One of the principal strategies in support of NSF's goals is to foster integration of research and education through the programs, projects, and activities it supports at academic and research institutions. These institutions provide abundant opportunities where individuals may concurrently assume responsibilities as researchers, educators, and students and where all can engage in joint efforts that infuse education with the excitement of discovery and enrich research through the diversity of learning perspectives.
Integrating Diversity into NSF Programs, Projects, and Activities
Broadening opportunities and enabling the participation of all citizens -- women and men, underrepresented minorities, and persons with disabilities -- is essential to the health and vitality of science and engineering. NSF is committed to this principle of diversity and deems it central to the programs, projects, and activities it considers and supports.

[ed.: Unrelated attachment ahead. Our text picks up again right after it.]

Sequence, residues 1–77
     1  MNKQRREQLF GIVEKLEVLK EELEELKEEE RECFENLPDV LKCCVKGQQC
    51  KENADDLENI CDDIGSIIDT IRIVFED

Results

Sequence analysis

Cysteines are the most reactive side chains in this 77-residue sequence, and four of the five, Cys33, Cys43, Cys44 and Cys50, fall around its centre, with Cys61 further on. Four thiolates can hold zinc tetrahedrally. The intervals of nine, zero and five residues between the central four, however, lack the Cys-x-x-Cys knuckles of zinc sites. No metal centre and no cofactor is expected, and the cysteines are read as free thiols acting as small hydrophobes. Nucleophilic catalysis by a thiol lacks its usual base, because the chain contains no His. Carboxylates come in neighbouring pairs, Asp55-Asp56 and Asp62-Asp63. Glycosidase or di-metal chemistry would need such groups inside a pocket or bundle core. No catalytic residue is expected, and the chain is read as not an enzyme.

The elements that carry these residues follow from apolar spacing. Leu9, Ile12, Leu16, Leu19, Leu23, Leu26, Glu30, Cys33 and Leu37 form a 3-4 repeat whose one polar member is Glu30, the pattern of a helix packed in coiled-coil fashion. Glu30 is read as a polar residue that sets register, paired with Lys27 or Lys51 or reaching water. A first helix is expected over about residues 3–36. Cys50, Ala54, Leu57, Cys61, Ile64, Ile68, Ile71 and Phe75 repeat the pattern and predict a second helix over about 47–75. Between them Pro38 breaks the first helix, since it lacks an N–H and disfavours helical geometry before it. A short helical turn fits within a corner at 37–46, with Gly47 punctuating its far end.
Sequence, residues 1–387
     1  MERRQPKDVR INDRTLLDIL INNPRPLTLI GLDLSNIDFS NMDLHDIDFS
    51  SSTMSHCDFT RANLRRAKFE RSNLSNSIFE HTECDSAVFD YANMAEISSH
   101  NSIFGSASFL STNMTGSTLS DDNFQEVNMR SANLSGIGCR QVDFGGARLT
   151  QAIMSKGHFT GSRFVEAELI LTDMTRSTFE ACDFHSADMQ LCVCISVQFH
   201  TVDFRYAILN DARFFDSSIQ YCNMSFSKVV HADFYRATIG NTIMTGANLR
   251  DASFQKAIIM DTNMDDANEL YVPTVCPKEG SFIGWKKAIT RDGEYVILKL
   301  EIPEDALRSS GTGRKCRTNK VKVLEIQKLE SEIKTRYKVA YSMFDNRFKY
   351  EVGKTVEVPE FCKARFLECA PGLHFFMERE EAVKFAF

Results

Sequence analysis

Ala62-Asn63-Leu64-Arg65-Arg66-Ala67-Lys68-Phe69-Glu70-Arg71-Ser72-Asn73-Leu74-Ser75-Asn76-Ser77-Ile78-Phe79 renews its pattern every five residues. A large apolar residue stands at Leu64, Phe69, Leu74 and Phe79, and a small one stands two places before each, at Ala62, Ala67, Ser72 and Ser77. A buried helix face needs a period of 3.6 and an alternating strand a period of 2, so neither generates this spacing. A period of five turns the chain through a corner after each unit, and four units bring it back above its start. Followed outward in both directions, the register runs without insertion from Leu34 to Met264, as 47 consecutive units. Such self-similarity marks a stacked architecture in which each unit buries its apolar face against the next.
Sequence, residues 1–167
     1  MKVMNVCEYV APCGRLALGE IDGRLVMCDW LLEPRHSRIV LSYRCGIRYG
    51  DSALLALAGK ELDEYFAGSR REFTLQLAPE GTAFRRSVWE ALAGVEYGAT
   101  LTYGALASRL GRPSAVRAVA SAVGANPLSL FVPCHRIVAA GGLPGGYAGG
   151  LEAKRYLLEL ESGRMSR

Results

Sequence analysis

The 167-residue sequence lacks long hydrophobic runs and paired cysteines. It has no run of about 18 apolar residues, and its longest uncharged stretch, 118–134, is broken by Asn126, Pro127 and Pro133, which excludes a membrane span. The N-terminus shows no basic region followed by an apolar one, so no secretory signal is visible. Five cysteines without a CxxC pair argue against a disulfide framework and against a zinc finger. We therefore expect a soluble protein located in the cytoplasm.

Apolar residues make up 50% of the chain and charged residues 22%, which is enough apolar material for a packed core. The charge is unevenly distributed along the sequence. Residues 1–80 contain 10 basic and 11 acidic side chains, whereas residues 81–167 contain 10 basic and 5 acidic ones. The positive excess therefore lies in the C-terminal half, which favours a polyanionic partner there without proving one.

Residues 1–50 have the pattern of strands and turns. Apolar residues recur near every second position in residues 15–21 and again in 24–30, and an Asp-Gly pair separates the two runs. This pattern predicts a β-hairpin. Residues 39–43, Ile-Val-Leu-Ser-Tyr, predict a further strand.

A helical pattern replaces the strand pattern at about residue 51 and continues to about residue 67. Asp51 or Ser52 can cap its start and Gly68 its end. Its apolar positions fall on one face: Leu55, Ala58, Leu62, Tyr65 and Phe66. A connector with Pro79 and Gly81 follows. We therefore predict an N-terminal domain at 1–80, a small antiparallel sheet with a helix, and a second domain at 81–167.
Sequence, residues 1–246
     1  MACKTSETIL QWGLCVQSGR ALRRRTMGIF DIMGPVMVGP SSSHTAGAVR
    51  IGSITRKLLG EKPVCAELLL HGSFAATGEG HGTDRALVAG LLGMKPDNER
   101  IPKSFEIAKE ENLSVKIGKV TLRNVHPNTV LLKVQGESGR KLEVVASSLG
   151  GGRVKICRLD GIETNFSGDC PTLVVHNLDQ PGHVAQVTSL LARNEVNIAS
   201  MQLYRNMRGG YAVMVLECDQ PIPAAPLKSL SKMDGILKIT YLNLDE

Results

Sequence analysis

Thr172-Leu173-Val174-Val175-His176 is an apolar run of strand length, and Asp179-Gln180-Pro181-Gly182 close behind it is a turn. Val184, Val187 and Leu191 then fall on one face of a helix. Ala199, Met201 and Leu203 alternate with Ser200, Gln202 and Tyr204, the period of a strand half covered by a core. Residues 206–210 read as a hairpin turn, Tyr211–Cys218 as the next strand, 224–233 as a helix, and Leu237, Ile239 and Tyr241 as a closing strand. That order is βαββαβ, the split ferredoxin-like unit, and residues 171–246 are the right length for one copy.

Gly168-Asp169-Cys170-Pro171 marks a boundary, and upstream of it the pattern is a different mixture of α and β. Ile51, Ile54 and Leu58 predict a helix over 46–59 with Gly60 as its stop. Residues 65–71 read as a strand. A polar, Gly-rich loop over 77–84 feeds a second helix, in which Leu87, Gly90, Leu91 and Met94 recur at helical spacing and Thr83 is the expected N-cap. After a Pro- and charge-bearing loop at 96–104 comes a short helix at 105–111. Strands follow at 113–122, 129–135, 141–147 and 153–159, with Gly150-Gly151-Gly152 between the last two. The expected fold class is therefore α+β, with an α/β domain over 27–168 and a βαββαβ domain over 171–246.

Additional Review Criteria:
In evaluating proposals against the two standard review criteria established by the National Science Board, reviewers will look for convincing responses to the three required components of an LTREB project: (1) Core data - at least six years of data collected by the investigator at the time of submission, (2) A compelling decadal research plan; and (3) A plan for data management and dissemination to other researchers and the general public.
Proposals submitted in response to this program solicitation will be reviewed by Ad hoc Review and/or Panel Review.
Reviewers will be asked to formulate a recommendation to either support or decline each proposal. The Program Officer assigned to manage the proposal's review will consider the advice of reviewers and will formulate a recommendation.